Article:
DIY Prayer Changes Things

I noticed “Prayer Changes Things” written on the front of the van of a local church. I thought that studies had demonstrated the truth of this statement. Whether one wants to draw the conclusion that this proves God’s existence is a different story.

A lot of marginally recalled information is suspect. I didn’t want to rely on the accuracy of my recollection. So I did a quick google on “effects of prayer and health.” Here is an interesting transcript of a conference held by the Heritage Foundation. The first speaker mentions that numerically, many studies show religious people (usually defined as people who pray) obtain better health outcomes. In 5 of 7 studies, for example, cancer patients who are religious survive longer than the non-religious. Of course, this could just mean that 5 out of 7 cancer/religion studies are poorly designed. And that 14 of 15 studies of the linkage between recovery from depression and personal prayer are poorly designed. Or that there really is a linkage.

A Study administered by Duke University Medical Center tested to see if patients undergoing heart surgery who were prayed for (without their knowledge) did any better than people who were not prayed for. There was no difference in the outcomes. All sorts of hypotheses can be generated. The prayers were done by various groups of Muslims, Buddhists, Christians, and Jews. Perhaps Yahweh helped the folks prayed for by Jews but He was poorly disposed toward those prayed for by Muslims. The net result was therefore that the outcomes for the group prayed for were statistically identical to the outcomes for the group whose members were not prayed for. Other fun/blasphemous/insulting hypotheses can be proposed.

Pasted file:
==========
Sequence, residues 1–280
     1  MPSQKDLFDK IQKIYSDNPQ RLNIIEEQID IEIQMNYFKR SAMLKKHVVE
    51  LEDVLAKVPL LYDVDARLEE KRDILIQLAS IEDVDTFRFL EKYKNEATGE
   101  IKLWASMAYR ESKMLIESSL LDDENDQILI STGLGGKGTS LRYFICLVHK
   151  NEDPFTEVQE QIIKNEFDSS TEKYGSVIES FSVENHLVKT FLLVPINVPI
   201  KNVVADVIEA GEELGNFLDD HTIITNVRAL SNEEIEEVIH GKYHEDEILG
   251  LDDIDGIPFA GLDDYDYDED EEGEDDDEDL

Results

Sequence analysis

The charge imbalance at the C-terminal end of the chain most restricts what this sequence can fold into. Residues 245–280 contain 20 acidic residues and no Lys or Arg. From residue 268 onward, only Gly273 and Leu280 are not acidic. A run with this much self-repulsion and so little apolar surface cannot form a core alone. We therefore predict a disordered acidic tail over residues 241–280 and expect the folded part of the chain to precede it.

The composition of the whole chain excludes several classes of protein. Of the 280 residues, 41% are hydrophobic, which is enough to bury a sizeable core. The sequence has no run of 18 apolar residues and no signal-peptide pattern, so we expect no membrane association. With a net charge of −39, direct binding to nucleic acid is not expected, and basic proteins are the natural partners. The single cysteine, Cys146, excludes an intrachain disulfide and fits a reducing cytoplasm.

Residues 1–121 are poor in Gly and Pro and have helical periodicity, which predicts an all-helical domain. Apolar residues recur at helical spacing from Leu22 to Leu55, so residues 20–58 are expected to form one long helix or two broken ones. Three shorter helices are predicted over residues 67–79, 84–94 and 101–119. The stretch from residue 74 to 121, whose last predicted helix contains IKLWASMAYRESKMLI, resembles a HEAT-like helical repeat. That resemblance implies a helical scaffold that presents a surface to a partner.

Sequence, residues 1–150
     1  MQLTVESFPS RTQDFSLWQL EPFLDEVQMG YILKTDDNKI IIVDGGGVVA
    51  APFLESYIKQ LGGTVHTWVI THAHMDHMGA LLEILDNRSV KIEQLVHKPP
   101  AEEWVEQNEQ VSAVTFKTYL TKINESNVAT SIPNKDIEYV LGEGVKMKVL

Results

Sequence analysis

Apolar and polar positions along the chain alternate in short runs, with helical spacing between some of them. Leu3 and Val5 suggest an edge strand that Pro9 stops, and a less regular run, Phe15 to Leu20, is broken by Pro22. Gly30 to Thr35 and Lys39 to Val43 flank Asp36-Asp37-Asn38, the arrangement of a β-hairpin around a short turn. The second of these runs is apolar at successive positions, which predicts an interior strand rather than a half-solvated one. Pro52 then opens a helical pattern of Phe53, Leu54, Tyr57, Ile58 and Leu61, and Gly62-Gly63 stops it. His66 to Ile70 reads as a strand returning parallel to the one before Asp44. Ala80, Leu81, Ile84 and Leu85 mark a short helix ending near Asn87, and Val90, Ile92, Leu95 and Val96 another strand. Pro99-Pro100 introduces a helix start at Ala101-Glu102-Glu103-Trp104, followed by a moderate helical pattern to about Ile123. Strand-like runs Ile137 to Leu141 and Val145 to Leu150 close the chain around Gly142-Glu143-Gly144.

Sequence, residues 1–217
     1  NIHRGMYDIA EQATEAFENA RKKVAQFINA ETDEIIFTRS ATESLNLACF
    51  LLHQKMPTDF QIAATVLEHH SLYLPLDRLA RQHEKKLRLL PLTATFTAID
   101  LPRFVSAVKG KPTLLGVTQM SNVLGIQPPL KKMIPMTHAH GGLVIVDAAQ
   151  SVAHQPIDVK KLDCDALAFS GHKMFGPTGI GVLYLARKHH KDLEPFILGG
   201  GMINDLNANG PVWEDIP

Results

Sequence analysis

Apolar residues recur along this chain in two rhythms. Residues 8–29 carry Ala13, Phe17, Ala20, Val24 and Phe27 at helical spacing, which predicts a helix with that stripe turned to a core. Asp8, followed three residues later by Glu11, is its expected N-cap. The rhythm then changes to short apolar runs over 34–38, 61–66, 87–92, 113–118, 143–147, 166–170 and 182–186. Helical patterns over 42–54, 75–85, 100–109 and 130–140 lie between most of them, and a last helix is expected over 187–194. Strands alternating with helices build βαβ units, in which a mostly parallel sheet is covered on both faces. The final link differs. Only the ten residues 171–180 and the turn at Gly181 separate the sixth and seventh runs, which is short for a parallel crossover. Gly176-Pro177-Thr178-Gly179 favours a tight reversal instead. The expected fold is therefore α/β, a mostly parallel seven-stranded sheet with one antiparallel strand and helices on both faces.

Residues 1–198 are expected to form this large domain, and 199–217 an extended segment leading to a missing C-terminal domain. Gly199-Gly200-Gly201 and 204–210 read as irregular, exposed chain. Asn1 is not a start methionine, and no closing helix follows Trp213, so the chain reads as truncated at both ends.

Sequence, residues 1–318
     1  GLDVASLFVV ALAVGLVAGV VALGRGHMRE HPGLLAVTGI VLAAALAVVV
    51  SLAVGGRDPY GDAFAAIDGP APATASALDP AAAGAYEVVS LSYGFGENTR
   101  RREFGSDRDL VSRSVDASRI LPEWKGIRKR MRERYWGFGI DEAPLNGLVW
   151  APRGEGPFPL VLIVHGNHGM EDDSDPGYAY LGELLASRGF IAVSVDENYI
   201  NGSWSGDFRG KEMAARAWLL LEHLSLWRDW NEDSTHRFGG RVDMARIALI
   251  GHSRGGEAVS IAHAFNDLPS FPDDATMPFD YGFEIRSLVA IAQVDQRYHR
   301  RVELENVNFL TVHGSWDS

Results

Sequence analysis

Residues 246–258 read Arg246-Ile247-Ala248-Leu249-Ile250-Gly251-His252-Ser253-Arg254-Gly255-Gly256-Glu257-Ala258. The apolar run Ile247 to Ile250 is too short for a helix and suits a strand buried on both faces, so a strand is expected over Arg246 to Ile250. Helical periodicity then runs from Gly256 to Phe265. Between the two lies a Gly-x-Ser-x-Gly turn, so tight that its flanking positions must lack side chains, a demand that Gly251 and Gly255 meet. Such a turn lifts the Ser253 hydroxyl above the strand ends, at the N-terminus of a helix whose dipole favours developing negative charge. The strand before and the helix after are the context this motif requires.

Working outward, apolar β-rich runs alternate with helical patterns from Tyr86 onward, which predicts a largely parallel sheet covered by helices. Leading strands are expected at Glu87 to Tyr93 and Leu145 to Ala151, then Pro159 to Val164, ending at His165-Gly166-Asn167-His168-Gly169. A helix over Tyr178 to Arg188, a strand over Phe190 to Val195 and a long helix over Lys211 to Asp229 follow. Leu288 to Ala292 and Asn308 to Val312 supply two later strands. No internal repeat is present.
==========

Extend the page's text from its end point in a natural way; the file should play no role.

A followup study was done. This divided 748 patients into 4 groups: those being prayed for (unbeknownst to them), those receiving “Music, Imaging, and Touch” therapy prior to surgery, those who received both, and those who received neither. There was no appreciable difference in the outcomes for those groups right after the surgery. At a point six months after the surgery though, the group that had received both MIT therapy and anonymous intercessory prayer had the lowest mortality rate, those who had only received MIT were next, and those receiving only prayer or neither prayer nor MIT had equivalent mortality rates.

The study noted that 89% of those enrolled knew of someone praying for them (not the prayer groups assigned by the study). The article did not note how many patients were praying themselves.

The processes that go on in our brains are chemical and biological. It seems reasonable that the attitudes we choose result in different mixes of chemicals, different groups of neurons firing, different groups of muscles tensing or relaxing. Stress, or its relief, will change the chemical and biological mix. And it is easy to imagine that this chemical/biological backdrop will influence the effectiveness of therapies, treatments, and health. Therapies and treatments ultimately are instantiated in biological and chemical process that result in our health and attitudes. A tantalizingly complex feedback system, us. Designed by God or evolved.

And it seems reasonable to assume that chemical and biological processes in the brains of people we are unaware of will have no effect upon us. That’s what the second study demonstrated.

What does this mean? My take is that if prayer is going to make a difference, you need to do it yourself. And that many current studies indicate that it may make a difference. Prayer Changes Things, if you do it yourself.

Acting as though you had free will is once again shown to be a good thing.

About mutecypher

Old. Bold. Deal with it.
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One Response to DIY Prayer Changes Things

  1. Pingback: Evolutionary Selection Pressure for Religious Practices « Mnemosyne's Notebook

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